Investing should be easy – just buy low and sell high – but most of us have trouble following that simple advice. There are principles and strategies that may enable you to put together an investment portfolio that reflects your risk tolerance, time horizon, and goals. Understanding these principles and strategies can help you avoid some of the pitfalls that snare some investors.
Do you know how long it may take for your investments to double in value? The Rule of 72 is a quick way to figure it out.
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Learn how to build a socially conscious investment portfolio and invest in your beliefs.
If you are concerned about inflation and expect short-term interest rates may increase, TIPS could be worth considering.
Alternative investments are going mainstream for accredited investors. It’s critical to sort through the complexity.
For some, the social impact of investing is just as important as the return, perhaps more important.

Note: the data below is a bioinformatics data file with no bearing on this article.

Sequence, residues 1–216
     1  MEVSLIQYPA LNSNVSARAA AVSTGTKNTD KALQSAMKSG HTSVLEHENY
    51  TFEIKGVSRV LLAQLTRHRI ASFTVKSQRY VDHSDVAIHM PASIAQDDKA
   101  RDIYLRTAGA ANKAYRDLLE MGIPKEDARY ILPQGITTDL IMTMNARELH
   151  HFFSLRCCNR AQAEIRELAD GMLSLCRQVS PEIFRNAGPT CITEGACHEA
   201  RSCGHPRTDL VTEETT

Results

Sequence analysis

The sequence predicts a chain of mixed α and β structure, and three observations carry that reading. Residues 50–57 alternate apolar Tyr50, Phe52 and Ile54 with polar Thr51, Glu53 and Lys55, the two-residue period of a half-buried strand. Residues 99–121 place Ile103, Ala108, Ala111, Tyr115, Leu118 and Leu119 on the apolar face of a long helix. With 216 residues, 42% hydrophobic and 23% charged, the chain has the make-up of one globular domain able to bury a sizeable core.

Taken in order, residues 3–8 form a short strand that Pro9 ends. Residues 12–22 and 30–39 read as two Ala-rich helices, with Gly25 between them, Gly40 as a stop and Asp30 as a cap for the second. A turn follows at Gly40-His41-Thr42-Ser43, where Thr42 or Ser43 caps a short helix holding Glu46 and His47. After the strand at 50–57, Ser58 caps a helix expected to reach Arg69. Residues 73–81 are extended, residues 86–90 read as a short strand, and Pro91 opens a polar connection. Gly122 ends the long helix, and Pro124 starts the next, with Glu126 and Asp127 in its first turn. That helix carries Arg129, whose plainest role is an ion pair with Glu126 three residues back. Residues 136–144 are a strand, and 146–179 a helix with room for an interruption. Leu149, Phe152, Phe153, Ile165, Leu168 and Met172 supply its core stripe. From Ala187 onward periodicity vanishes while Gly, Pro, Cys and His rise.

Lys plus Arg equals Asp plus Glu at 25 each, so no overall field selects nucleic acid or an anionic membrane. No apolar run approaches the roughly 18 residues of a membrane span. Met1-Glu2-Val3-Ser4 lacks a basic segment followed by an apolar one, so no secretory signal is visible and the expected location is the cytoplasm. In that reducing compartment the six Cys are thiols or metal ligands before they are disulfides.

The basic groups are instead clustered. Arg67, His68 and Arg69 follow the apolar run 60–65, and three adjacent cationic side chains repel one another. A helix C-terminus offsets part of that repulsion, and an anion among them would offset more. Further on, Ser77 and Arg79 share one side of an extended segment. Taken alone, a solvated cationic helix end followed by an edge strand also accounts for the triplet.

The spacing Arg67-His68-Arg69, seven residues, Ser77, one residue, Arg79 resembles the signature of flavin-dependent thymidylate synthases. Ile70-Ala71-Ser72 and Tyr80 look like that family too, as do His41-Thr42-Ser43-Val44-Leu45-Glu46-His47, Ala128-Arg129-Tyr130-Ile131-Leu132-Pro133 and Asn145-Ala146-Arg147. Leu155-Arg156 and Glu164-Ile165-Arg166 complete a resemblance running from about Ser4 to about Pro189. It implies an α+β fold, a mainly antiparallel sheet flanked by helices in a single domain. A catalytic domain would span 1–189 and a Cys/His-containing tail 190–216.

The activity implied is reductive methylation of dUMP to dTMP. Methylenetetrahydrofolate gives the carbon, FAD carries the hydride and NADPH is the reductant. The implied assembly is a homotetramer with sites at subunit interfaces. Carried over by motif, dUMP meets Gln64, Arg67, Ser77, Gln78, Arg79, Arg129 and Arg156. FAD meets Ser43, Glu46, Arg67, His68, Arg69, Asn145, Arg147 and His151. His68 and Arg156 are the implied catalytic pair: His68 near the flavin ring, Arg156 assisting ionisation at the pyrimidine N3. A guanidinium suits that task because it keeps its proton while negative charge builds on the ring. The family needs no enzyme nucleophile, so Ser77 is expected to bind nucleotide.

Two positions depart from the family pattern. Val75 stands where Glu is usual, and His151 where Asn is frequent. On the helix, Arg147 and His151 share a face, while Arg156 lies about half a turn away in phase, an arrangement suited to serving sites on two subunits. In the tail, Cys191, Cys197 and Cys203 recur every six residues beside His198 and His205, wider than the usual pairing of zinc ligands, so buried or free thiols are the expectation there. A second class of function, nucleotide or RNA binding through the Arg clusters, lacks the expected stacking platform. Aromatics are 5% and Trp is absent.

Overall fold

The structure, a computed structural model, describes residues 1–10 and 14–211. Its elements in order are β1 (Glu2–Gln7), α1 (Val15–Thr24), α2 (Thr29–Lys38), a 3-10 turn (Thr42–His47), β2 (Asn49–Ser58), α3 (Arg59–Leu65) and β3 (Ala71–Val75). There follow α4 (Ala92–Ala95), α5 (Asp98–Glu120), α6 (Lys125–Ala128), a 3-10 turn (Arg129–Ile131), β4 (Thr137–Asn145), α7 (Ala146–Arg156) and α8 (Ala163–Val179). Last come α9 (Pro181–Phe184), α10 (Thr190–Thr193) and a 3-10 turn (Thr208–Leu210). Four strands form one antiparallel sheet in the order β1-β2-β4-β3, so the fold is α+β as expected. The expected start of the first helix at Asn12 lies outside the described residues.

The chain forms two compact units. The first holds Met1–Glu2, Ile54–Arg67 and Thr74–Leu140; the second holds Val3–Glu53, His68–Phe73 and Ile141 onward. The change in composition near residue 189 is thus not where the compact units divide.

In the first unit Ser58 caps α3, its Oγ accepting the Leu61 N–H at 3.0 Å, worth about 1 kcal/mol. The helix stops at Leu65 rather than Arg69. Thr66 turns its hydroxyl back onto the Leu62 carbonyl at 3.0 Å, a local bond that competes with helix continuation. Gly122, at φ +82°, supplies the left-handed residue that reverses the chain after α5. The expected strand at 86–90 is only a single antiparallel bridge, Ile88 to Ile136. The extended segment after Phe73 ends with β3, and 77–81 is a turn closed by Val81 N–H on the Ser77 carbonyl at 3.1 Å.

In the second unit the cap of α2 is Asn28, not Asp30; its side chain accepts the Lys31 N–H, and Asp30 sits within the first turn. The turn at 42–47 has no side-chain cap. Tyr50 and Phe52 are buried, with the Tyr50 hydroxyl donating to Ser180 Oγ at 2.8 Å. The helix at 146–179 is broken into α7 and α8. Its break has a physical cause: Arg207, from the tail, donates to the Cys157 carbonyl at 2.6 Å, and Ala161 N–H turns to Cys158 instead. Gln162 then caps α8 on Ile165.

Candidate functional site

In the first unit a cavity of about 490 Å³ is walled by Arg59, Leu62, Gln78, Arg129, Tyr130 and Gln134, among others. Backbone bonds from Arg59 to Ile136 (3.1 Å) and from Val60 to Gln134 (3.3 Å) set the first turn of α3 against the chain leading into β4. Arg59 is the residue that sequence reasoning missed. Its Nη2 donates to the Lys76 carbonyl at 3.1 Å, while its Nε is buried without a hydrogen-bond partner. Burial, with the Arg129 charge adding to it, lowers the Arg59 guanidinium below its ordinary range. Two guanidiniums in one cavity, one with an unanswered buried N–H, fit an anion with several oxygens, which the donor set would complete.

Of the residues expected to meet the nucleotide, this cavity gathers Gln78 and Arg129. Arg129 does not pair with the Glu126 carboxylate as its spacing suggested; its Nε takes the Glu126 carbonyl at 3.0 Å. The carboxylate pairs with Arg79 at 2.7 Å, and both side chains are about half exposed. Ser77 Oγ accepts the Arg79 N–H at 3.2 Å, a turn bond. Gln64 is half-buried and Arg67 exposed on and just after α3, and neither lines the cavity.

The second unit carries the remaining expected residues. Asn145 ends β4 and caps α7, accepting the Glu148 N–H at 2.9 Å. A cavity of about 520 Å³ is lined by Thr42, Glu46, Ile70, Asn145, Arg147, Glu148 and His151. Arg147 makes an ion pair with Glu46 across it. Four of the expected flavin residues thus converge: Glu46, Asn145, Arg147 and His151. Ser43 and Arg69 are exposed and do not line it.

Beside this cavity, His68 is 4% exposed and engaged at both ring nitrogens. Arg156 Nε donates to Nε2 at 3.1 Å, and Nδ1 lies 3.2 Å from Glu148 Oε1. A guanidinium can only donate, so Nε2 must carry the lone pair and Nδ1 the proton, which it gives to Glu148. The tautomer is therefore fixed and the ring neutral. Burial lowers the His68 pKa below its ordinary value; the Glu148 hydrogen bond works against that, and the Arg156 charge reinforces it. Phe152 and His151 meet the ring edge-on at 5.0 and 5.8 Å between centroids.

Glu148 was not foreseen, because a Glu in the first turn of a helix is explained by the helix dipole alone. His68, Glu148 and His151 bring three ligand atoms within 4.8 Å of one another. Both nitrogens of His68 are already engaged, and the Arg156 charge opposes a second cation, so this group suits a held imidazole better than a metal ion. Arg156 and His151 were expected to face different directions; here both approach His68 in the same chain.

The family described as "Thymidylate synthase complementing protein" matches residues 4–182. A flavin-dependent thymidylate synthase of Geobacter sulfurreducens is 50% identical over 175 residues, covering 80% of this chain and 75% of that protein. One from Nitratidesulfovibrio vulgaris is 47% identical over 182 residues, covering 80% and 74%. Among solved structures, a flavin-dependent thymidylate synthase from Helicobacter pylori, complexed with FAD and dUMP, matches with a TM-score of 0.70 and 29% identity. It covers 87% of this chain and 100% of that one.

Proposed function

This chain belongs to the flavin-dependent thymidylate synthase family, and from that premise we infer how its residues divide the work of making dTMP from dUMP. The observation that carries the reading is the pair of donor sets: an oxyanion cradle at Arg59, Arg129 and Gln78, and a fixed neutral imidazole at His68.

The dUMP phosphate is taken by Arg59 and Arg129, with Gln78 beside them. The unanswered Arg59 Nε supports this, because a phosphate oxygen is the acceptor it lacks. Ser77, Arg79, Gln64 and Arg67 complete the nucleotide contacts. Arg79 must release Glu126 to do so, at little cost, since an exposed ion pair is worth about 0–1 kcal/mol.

Three important factors when it comes to your financial life.
This worksheet can help you estimate the costs of a four-year college program.
Use this calculator to better see the potential impact of compound interest on an asset.
This calculator can help you estimate how much you should be saving for college.
This calculator helps determine your pre-tax and after-tax dividend yield on a particular stock.
Use this calculator to compare the future value of investments with different tax consequences.
Determine if you are eligible to contribute to a traditional or Roth IRA.
This questionnaire will help determine your tolerance for investment risk.
There are some smart strategies that may help you pursue your investment objectives
Principles that can help create a portfolio designed to pursue investment goals.
It's easy to let investments accumulate like old receipts in a junk drawer.
Learning more about gold and its history may help you decide whether it has a place in your portfolio.
Investors seeking world investments can choose between global and international funds. What's the difference?
Tulips were the first, but they won’t be the last. What forms a “bubble” and what causes them to burst?
All about how missing the best market days (or the worst!) might affect your portfolio.
How will you weather the ups and downs of the business cycle?